19. #19
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    read The Explainer article cited by the OP, it will paint a more informed picture of the law and how S is using the cost of a legal battle they can not win to deter the LBS.

  20. #20
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    hmmmm , I don't like Specialized's tactics, but it seems to me they pick "relatively" obscure names to trademark, like stumpjumper, allez, roubaix etc... I don't they can ( or would even attempt) to trademark stuff like bike, tire, mountain, etc...

    It sucks for this guy, but a smart business owner would likely check out trademark names before naming the shop... sorry for the buzz kill... but that is a fact of doing busines...
    fat old man ... fueled by Mexican pastries....

  21. #21
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    I didn't realize this but Specialized trademarked the work "Epic"
    Specialized's disastrous trademark case is unnecessary to defend the brand - VeloNews.com

    I guess the Epic Rides races must have an agreement with Specialized...
    fat old man ... fueled by Mexican pastries....

  22. #22
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    I guess I am confused how are allowed to trademark the name of a place that existed a long time before the Specialized bike. I can totally understand this shop owners frustration. Regardless of his situation being a vet etc. It is still a crappy situation to be in. I hope it all works out.

  23. #23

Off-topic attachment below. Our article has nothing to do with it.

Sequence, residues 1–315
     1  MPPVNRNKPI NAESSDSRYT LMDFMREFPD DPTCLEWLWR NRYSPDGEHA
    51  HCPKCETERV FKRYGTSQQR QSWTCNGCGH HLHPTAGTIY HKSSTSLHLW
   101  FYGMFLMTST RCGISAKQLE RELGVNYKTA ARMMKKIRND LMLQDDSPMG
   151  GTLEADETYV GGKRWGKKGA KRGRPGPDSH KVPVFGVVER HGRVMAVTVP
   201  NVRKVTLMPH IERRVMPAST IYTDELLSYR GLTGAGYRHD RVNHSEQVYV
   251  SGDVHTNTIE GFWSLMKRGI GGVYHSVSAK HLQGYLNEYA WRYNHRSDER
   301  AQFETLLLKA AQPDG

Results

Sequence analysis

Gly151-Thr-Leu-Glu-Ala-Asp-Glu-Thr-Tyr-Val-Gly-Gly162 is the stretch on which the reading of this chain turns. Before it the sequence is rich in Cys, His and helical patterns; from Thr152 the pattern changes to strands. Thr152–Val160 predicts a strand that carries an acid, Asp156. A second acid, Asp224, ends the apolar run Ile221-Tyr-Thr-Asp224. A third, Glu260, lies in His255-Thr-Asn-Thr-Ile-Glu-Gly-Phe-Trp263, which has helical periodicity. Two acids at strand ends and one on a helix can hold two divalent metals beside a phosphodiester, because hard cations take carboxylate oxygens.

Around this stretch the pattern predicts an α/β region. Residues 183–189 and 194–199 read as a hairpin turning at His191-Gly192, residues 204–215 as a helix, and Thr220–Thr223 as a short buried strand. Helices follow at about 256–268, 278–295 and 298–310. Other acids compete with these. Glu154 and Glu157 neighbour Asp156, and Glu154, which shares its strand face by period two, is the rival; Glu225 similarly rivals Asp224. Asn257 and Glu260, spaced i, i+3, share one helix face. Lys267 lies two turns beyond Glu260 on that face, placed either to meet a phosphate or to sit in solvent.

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    Quote Originally Posted by boomvader View Post
    Jeff, I am with Joe on this one. I am fairly certain that you HAVE to defend your trademark or risk losing it. Also, as a business owner, I can tell you that it is very important to research the name you are going to use BEFORE you go into business with that name. My question to the owner is did he do his research and, if so, why did he proceed with naming his company with a trademarked word or phrase? He seems like a good guy and his shop looks cool.

    As someone who was close to opening up a Specialized shop in the NW valley, I can tell you that I was very much put off by the rep's intimidation tactics during our conversations. It was one of the reasons I decided against the idea.

    As someone who is looking for a great deal, I have purchased 2 end of year model Specialized bikes from my LBS and saved HUGE. I like both bikes very much and also really like their helmets & shoes. Plus, their warranty is top notch.
    Like I said, I hope the backlash stings. I, in no way, support what Specialized is doing.
    Nobody gives a s#$t you singlespeed.

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    Quote Originally Posted by MtbAZ44 View Post
    hmmmm , I don't like Specialized's tactics, but it seems to me they pick "relatively" obscure names to trademark, like stumpjumper, allez, roubaix etc... I don't they can ( or would even attempt) to trademark stuff like bike, tire, mountain, etc...

    It sucks for this guy, but a smart business owner would likely check out trademark names before naming the shop... sorry for the buzz kill... but that is a fact of doing busines...
    I don't thnk you know anything about road biking, cause what you've said above is quite ignorant. Trademarking Roubaix is like trademarking 'road bike' or 'race'. Trademarking allez is akin to trademarking 'go team!' Using the threat of your bottomless legal funds on a case you will eventually lose anyway is a play from Big Tobacco.